This article is part of our Rising Star Portfolios series.
What do snowmobiles, dredging equipment, and bananas have in common? Not much -- but they're all on my radar as investment ideas for my Rising Stars portfolio.
Around this time each year, my buddies and I get together to attempt to answer an eternally important question: Where are we going skiing this season? This year, one of my friends proposed that we widen our perspective on winter sports. Why not snowshoeing? Why not ice climbing? Why not snowmobiling?
That last one struck a chord with our group. After all, is it that surprising that a bunch of testosterone-fueled guys are excited by the prospect of racing uncontrolled through powder-white snowfields?
But it's not just the idea of whipping a corner and spraying snow into my comrades' faces that has me all riled up. I'm also excited about the prospects of Arctic Cat
Dredging equipment …
If you're impressed by your dog's ability to burrow under the fence into your neighbor's daffodil patch, you'll be in awe of the folks at Great Lakes Dredge and Dock
The trade winds seem to be picking up favorably for them, too. Government spending on maintaining port channels has not met the need in recent years, meaning there's a growing backlog of work to be done -- and these projects are anything but optional. Furthermore, international ports are on average five to 10 feet deeper than U.S. ports, meaning some international vessels have been kept out of our docks. This wasn't a huge deal, since the largest vessels primarily serviced West Coast ports, but with the pending Panama Canal expansion slated for completion in 2014, these deeper draft vessels will have easier access to the Gulf and East Coasts, putting the pressure on the U.S. to deepen the ports there.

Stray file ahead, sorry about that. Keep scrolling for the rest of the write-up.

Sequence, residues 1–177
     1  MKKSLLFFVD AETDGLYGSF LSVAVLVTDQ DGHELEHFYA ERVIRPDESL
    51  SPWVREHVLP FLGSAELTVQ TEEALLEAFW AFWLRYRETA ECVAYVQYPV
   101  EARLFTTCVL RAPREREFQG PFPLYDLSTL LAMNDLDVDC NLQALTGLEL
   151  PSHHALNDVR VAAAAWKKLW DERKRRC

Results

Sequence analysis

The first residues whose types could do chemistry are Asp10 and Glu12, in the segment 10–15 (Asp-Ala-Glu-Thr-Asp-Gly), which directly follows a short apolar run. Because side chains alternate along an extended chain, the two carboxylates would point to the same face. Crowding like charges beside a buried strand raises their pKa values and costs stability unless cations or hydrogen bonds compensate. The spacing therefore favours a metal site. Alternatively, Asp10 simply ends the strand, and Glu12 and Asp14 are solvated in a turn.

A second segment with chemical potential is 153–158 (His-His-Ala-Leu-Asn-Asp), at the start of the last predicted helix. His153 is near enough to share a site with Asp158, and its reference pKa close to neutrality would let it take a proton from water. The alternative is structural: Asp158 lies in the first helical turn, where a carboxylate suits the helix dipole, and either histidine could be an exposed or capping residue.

As the largest dredge operator in the country, Great Lakes Dredge and Dock stands to benefit from all that new business -- not to mention the constant work of beach nourishment and coastal storm damage repair. The one damper is Great Lakes' international operations. It's great that the company has found work abroad, but not so great that almost all of that work has come from one customer: the government of Bahrain.
… and bananas?
Comedian Mitch Hedberg once joked that bananas and traffic lights had nothing in common. As he noted, on a traffic light, green means go, yellow means slow down, and red means stop. On a banana, it's the opposite: Green means slow down, yellow means go, and red means "where did you get that banana?"
Well, you didn't get it from Chiquita Brands International
To be sure, this is a niche business, and one with slim margins. That said, bananas have generated an average of more than $85 million in annual operating cash flow for Chiquita over the past six years, albeit in a very lumpy fashion. At first look, that kind of cash flow generation makes today's stock price look like a deal. I'm going to chow down on Chiquita to see whether that initial assessment holds up after some more rigorous research.
Putting it all together
This is the section where I concisely and wittily bring all these ideas together … but I'll be skipping the clever conclusion. You'll hear back from me when I have more to say about any of these companies. In the meantime, chime in with your questions, comments, and love of bananas on my discussion boards.
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Alex Pape does not own shares in any company mentioned here. Try any of our Foolish newsletter services free for 30 days. We Fools may not all hold the same opinions, but we all believe that considering a diverse range of insights makes us better investors. The Motley Fool has a disclosure policy.